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to want a coping strategy for dealing with dd's best friends' mum?

(13 Posts)
vaseofwildflowers Mon 01-Jun-09 04:00:11

I am at a loss to know what to do with a new mum who seems to delight in belittling me and excluding me from social gatherings despite the fact we share a similar social circle.

I am trying not to be paranoid at this but dd has a birthday party coming up and while others have indicated they are coming, this particular mum has not.

The other problem is she lies to me about not receiving text messages and when she had a good moan about someone last term and I tried to help her she actually turned against me instead.

I'm a bit bewildered to be honest, she never texts or phones when she says she will, never invites dd around despite inviting others around and yet always likes to say our dds are best friends (they actually are).

I have had her dd around many times, and her family, husband etc but there has been no invites from her despite promises.

As we share a similar social circle I don't want to alienate her as she is quite popular but I am new too and realise she is toxic to my self esteem.

Coping strategies please!

ClaudiaSchiffer Mon 01-Jun-09 04:22:47

Blimey she sounds a right cow.

I would advocate a stance of polite distance. Don't get yourself involved with this woman she sounds foolish and manipulative. Keep inviting her dd round if she is your dds friend but expect nothing back. Don't try to help her - the vile mum I mean - Ignore her silly behaviour as far as you can. Be polite but just don't get involved with her. Don't expect anything of her so you wont be disappointed.

Ugh to the silly woman.

quinne Mon 01-Jun-09 06:09:37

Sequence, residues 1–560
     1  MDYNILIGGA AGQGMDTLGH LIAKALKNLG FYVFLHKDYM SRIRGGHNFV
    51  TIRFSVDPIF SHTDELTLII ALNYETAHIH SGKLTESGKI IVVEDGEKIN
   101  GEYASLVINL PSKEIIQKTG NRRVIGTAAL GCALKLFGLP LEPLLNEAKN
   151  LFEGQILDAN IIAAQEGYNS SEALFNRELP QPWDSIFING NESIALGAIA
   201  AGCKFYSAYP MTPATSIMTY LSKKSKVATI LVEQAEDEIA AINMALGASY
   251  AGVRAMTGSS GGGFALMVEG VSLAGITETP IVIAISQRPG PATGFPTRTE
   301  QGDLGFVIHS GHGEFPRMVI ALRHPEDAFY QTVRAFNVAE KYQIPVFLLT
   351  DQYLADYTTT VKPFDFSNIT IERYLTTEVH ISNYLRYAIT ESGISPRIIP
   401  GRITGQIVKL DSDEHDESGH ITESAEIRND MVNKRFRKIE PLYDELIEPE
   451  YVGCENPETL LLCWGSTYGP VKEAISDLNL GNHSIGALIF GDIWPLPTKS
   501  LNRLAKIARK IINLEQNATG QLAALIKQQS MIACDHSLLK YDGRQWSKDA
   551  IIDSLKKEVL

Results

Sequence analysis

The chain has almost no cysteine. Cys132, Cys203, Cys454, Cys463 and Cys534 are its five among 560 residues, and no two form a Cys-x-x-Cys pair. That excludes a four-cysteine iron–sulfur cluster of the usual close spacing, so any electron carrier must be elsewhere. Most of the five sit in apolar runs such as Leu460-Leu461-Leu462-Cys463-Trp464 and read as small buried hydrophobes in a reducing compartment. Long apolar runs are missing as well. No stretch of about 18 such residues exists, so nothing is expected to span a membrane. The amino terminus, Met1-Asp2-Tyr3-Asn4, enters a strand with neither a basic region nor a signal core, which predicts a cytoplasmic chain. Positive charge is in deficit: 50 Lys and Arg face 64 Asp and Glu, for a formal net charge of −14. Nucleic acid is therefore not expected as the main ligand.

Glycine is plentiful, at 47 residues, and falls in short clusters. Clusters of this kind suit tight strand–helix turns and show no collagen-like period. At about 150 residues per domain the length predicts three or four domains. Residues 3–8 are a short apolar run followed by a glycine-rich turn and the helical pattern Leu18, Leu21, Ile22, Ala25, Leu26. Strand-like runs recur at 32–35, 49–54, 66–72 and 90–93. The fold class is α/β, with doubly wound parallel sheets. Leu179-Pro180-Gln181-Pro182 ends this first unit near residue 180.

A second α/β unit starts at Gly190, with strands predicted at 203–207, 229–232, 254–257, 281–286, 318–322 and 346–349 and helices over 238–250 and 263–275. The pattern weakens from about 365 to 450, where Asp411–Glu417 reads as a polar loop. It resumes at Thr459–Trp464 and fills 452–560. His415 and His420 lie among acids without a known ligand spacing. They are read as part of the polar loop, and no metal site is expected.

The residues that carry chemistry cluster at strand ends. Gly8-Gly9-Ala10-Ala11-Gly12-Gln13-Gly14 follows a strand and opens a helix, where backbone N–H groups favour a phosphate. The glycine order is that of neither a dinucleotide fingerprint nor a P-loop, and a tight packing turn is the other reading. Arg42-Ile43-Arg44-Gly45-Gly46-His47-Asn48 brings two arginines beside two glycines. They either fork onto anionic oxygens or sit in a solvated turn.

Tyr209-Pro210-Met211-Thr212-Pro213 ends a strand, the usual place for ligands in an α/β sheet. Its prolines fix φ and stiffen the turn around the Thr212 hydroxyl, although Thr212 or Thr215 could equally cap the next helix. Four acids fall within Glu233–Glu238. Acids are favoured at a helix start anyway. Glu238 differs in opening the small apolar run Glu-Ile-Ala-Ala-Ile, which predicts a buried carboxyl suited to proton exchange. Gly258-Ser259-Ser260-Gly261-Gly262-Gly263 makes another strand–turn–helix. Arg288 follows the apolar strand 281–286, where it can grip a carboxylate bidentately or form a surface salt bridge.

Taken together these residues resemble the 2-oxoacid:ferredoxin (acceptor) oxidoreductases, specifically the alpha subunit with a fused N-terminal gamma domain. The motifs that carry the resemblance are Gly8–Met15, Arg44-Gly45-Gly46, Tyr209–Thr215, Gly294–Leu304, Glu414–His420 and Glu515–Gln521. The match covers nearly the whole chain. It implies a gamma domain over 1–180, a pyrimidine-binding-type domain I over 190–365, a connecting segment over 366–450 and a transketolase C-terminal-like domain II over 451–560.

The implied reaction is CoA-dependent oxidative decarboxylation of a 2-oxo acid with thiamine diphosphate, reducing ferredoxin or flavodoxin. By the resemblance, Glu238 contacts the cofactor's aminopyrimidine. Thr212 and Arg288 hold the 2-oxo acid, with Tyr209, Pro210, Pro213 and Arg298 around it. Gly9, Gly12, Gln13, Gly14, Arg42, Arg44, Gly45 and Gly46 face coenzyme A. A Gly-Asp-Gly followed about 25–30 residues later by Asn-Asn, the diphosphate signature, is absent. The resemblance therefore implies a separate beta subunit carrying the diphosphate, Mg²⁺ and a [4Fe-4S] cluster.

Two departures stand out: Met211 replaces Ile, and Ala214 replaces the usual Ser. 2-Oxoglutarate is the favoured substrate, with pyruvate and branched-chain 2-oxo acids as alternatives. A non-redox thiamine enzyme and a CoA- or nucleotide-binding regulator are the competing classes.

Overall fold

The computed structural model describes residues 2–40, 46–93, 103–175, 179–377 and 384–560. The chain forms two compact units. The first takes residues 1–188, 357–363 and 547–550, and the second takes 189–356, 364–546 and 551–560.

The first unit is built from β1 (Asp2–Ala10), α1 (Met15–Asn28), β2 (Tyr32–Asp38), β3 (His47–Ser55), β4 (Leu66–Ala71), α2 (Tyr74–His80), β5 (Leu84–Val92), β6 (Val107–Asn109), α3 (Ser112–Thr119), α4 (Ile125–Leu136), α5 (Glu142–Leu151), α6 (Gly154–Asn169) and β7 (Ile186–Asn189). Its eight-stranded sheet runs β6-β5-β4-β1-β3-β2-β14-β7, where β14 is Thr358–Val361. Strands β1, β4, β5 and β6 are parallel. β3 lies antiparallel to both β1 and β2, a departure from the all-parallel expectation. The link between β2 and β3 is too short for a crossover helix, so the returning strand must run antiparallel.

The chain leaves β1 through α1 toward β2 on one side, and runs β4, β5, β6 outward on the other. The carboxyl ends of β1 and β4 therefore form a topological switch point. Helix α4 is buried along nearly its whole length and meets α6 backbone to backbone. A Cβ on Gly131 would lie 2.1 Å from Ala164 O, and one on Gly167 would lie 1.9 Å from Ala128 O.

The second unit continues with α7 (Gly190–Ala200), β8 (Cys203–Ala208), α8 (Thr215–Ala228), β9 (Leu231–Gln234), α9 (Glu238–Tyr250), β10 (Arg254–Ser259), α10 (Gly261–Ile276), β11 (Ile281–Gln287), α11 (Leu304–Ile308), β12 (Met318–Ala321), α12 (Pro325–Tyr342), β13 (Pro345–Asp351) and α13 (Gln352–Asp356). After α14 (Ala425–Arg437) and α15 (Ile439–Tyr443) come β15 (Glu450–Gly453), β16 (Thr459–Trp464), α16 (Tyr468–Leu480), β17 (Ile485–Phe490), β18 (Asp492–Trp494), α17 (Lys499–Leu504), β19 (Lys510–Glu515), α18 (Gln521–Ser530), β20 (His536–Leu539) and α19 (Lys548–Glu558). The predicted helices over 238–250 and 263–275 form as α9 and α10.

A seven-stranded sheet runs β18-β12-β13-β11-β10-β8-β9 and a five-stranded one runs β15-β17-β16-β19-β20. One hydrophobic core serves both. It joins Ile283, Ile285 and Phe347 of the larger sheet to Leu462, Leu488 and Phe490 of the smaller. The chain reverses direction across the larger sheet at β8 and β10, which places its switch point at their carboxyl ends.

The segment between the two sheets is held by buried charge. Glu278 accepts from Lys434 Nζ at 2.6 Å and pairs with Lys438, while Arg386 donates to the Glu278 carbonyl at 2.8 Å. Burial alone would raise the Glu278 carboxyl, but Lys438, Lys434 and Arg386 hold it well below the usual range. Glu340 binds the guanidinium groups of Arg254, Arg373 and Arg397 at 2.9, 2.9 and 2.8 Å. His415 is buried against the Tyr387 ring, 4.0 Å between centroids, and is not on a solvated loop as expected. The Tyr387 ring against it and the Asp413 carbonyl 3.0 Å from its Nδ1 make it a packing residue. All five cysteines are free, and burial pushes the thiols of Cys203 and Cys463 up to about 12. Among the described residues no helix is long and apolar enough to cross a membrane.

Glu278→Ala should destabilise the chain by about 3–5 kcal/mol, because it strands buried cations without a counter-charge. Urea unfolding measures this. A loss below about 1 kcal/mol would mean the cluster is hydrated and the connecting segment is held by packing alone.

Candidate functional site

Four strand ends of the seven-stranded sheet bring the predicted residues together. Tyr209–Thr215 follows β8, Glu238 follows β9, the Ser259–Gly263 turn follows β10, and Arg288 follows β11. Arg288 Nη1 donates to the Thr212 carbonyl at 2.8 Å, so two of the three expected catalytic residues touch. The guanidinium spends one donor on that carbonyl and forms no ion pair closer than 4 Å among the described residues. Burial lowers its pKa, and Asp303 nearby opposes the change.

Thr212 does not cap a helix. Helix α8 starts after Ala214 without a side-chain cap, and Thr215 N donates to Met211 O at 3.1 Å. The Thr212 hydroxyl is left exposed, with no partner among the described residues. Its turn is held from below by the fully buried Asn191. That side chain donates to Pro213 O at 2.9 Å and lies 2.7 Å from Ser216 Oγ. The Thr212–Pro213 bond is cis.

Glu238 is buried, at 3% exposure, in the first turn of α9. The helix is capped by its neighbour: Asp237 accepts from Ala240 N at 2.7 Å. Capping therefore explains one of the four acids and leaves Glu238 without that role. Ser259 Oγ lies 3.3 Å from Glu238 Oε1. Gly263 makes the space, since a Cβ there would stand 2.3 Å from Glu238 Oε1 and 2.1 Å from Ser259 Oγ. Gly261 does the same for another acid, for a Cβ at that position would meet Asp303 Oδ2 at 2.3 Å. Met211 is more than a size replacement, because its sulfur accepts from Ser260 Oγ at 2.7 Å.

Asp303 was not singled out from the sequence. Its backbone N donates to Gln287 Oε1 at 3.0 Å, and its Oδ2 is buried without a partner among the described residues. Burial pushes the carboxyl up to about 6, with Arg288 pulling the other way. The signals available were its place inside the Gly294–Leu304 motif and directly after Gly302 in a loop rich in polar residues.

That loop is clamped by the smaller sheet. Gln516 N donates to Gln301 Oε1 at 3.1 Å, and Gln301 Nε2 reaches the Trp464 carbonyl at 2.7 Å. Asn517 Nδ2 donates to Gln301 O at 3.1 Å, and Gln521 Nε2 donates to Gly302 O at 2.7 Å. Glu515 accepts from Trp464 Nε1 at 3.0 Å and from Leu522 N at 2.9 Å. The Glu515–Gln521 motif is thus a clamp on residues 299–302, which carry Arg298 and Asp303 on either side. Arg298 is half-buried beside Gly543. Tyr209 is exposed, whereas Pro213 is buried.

Maybe she is just bad at organising herself/ has poor manners and the only thing that really happened was that she turned on you that time? As a result are you more sensitive to her than the other mothers in your group although they will probably begin to notice the poor manners eventually too?
Has she had other children round often?

Longtalljosie Mon 01-Jun-09 06:47:51

What Claudia said. It sounds like the woman has low self-esteem. Only insecure people behave in that weird fashion. Be pleasant, but don't offer her any more than you get in return. When she's less sure of you, she'll be nicer.

vaseofwildflowers Tue 02-Jun-09 02:48:40

Yes I overheard her organising for others to come round over.
Really stung! I don't feel like being polite but I will continue to be, (on the surface). I will check my own social skills too smile.

Bobblebuddy Tue 02-Jun-09 08:13:17

Take the high road on this one. You can't change the way she behaves, you can only change the way you react to it and the impact it has on you. If you don't want her to zap your energy and self esteem, you need to rise above it so it becomes a total non-issue.

Ignore her behaviour and just act the way you know is right. Treat her the way you would like to be treated, be ther better person, lead by example, etc etc.

Make a point of not giving her any way to pretend she didn't get your text, etc - so deliver party invites on paper to their door or hand to her personally at the school gates, be pointed about inviting her dd round and how nice it is for them to spend time together, etc. Be the super mum in front of her, and maybe she will start feeling her own self-esteem start to drop for not returning the favours, and will start to pick up her slack a bit. If not, at least you can feel righteous for being the better person.